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Frankly Scarlet

Just finished reading Arthur Conan Doyle’s “A Study in Scarlet.”  It is a short novel and, as many will tell you, it is the first Sherlock Holmes story.  As far as I can tell, I have never read it before.  It is probably unread by many people.

You see, most of the Holmes stories are short stories, because most of them were written for the magazines of the time, and most of the Holmes books are anthologies of those short stories.  Most of the Jeremy Brett television series was also taken from the short stories.

Most of the Holmes movies through the years have been remakes of “Hound of the Baskervilles.”  (I, of course, do not count the recent Robert Downey Jr. movies, which are sort of Holmes as if played by Jason Statham.)  The reason for this is simple: the short stories are too short to be made into movies and there were only ever four novels and, apparently, Hound is the easiest to make into a movie.  Scarlet would be very difficult to make into a movie, for reasons I will get to in a moment.

“A Study in Scarlet” is, like most Holmes stories, a first person narrative written from the point of view of Dr. John Watson.  The first chapter or so is taken up with his story: medical doctor without connections, joins the army, goes off to war, is severely injured, is returned to England, no family, needs cheap lodgings.  An acquaintance introduces him to Sherlock Holmes, who is also looking for cheap lodgings and, as fate would have it, has found the perfect place if only he could find a roommate.

After introducing us to both characters, the story starts reading like any other Holmes story: dark, foggy London streets, a couple of locked-door murders, red herrings, mis-directions, and Holmes never quite letting Watson (or us) in on his thoughts and plans.  So, I was digging all this, getting into the story, making a few deductions of my own, when, about halfway through, Holmes leaps up, places handcuffs on a man we have never seen before, and announces to all that this man is the murderer.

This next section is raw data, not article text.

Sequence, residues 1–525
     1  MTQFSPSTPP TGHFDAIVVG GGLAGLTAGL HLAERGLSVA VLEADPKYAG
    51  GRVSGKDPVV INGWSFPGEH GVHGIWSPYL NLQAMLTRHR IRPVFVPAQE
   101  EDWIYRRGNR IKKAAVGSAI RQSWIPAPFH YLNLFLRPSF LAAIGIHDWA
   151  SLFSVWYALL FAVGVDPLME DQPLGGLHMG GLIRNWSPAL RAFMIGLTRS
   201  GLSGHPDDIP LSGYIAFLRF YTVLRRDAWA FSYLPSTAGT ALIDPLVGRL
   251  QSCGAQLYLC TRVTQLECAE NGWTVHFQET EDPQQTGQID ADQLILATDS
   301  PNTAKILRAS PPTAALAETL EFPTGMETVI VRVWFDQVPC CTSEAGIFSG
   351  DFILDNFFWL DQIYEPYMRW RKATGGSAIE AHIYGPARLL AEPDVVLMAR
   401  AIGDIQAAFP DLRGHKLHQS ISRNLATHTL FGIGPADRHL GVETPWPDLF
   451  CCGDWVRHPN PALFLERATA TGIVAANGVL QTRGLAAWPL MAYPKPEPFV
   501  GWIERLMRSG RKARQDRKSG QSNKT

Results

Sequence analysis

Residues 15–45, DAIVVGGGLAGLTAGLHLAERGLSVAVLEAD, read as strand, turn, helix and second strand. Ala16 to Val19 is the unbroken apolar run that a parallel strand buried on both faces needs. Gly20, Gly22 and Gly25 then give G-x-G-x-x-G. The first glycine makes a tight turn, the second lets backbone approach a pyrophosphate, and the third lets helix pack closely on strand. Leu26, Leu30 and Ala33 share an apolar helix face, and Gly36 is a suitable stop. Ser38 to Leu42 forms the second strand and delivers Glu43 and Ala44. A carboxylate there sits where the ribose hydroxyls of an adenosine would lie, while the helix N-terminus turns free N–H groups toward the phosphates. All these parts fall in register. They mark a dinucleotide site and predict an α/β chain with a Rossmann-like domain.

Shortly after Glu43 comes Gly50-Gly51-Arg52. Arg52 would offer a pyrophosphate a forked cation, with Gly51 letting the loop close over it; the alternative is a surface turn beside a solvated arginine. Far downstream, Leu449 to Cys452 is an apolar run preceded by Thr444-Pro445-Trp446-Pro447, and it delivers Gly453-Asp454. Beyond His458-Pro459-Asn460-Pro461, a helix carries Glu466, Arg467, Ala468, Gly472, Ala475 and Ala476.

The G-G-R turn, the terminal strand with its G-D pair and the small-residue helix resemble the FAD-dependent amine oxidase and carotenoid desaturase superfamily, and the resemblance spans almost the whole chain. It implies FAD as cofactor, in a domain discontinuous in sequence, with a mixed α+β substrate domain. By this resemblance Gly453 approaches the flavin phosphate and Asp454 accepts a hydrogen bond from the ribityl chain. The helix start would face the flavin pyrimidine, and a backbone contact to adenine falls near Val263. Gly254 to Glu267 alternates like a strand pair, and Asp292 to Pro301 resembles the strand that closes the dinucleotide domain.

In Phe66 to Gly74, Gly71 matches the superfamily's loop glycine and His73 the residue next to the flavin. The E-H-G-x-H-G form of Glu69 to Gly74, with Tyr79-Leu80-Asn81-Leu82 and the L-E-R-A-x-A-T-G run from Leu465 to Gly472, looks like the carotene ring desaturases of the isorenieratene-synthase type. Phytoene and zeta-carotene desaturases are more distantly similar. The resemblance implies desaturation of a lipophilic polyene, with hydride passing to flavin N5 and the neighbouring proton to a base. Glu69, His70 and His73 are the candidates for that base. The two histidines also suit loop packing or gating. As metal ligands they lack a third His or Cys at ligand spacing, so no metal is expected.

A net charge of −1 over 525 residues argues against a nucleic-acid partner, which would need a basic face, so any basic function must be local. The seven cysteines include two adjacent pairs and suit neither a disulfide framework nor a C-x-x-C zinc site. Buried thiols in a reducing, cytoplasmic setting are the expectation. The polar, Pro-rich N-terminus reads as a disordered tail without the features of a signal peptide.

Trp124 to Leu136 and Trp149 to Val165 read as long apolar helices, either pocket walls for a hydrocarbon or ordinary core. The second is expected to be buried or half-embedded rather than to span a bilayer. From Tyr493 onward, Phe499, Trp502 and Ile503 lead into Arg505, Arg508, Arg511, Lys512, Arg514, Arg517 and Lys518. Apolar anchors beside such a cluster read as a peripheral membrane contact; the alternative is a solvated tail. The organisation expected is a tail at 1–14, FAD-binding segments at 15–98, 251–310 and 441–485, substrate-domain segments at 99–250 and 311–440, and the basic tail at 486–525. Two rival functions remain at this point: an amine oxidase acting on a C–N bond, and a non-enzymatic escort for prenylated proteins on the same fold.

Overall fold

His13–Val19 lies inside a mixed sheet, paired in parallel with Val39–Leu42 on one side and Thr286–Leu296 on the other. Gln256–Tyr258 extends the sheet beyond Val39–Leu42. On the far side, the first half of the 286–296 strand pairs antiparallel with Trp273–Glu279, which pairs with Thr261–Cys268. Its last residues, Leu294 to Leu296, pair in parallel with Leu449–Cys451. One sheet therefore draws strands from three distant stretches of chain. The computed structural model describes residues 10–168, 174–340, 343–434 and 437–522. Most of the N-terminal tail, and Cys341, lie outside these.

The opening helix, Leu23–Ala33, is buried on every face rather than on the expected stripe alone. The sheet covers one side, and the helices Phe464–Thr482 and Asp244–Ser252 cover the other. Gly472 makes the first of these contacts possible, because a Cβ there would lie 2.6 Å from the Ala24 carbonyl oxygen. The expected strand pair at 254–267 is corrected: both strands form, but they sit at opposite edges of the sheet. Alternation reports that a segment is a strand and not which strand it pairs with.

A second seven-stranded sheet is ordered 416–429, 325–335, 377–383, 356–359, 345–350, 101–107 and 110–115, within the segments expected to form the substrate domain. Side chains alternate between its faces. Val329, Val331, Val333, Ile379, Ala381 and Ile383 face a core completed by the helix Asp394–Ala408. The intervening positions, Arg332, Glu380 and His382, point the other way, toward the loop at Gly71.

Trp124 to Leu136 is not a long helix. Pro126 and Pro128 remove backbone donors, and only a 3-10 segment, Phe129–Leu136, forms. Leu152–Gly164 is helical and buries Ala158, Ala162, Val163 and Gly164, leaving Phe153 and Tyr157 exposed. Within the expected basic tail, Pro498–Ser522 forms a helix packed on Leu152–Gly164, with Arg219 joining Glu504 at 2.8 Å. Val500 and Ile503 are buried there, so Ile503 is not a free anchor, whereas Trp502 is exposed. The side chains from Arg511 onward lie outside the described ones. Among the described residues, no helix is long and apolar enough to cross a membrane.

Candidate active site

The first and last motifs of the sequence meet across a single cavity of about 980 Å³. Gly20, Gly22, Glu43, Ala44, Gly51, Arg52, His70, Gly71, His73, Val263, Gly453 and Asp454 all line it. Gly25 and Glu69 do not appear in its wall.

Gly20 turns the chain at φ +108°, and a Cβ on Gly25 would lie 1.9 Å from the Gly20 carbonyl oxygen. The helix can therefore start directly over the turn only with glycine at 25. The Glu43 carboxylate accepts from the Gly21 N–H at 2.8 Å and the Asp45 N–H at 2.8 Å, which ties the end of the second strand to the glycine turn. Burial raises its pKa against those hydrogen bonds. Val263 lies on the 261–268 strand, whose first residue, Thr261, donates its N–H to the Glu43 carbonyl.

Huh?  Half a book to go, you understand.

Here is where it gets weird.  Going from Watson narrating a first-person story in 1881, the next chapter is in third-person omniscient form, telling the tale of an old man wandering in the desert.  With a young girl.  In 1847.  In Utah.

Chapter after chapter goes on, telling how these two survivors come to be found by the Mormon migration, come to live with them, and prosper.  It is some time before the character of the murderer actually shows up and, yes, all of this is his backstory and we do come to find out why he would eventually kill the men that he did.  Precious few pages remain when we are finally returned to the present (!) and Watson takes up the story again, pretty much the killers full, complete, and very detailed confession, followed by Holmes detailing how he had come to his conclusions.

Well, you can see why this would never make a movie – at least, not a low-budget British movie.  Utah?  Thanks to Doctor Who and Blake’s 7, I have seen every stone quarry in England and, I promise you, not one of them would pass for Utah or any other desert.  To make this portion of the story work – and it would be too much of the story to just leave out or gloss over – they would actually have to fly a crew to Utah – or, at least, Morocco – and they just do not have that kind of money.

There was a 1933 version, but it had nothing to do with Utah or Mormons – in fact, it has a character from “The Red-headed League,” so maybe that is what it is.  Meanwhile, “Hound of the Baskervilles” takes place in the English countryside, with hills and mores.  That they can do, no problem.  So, the TV/movie-watching public has never seen this Sherlock Holmes origin story.  Hope someone tries it, one day.

 

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